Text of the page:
|HDAC inhibition results in widespread alteration of the histone acetylation landscape and BRD4 targeting to gene bodies.
|Year of Publication
|Slaughter MJ, Shanle EK, Khan A, Chua KF, Hong T, Boxer LD, C Allis D, Josefowicz SZ, Garcia BA, Rothbart SB, Strahl BD, Davis IJ
|2021 01 19
Histone acetylation levels are regulated by histone acetyltransferases (HATs) and histone deacetylases (HDACs) that antagonistically control the overall balance of this post-translational modification. HDAC inhibitors (HDACi) are potent agents that disrupt this balance and are used clinically to treat diseases including cancer. Despite their use, little is known about their effects on chromatin regulators, particularly those that signal through lysine acetylation. We apply quantitative genomic and proteomic approaches to demonstrate that HDACi robustly increases a low-abundance histone 4 polyacetylation state, which serves as a preferred binding substrate for several bromodomain-containing proteins, including BRD4. Increased H4 polyacetylation occurs in transcribed genes and correlates with the targeting of BRD4. Collectively, these results suggest that HDAC inhibition functions, at least in part, through expansion of a rare histone acetylation state, which then retargets lysine-acetyl readers associated with changes in gene expression, partially mimicking the effect of bromodomain inhibition.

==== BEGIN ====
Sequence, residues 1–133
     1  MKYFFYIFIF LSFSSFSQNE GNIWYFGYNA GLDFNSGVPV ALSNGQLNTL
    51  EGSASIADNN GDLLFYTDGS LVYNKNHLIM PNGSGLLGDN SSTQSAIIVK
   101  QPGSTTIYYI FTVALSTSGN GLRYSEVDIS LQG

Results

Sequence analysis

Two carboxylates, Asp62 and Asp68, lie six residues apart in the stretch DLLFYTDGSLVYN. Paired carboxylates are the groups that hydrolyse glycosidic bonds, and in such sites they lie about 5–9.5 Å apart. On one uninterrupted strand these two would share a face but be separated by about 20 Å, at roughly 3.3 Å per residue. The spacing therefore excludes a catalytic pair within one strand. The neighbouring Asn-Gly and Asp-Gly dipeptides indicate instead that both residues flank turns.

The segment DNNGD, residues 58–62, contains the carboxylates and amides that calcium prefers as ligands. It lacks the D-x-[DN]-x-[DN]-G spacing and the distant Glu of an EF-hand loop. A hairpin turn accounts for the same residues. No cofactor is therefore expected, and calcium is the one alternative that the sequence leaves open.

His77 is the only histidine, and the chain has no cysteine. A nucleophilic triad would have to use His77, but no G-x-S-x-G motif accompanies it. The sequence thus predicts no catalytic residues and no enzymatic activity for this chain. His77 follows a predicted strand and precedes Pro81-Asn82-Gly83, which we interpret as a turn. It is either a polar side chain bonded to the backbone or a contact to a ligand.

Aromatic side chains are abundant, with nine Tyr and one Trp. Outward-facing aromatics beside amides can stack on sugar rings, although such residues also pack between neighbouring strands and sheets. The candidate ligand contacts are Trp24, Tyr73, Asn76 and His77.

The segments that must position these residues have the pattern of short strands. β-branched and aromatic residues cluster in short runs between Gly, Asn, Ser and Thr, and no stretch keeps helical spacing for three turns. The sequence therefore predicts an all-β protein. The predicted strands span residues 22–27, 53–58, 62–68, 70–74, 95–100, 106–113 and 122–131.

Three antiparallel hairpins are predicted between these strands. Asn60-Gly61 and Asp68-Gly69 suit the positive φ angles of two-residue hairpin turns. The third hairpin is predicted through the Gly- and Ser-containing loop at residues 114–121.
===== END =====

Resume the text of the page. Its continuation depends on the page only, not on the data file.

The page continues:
|PubMed Central ID
|R01 CA198482 / CA / NCI NIH HHS / United States
P30 CA016086 / CA / NCI NIH HHS / United States
R01 CA166447 / CA / NCI NIH HHS / United States
K12 GM000678 / GM / NIGMS NIH HHS / United States
R35 GM126900 / GM / NIGMS NIH HHS / United States
R35 GM124736 / GM / NIGMS NIH HHS / United States
Steven Josefowicz, Ph.D.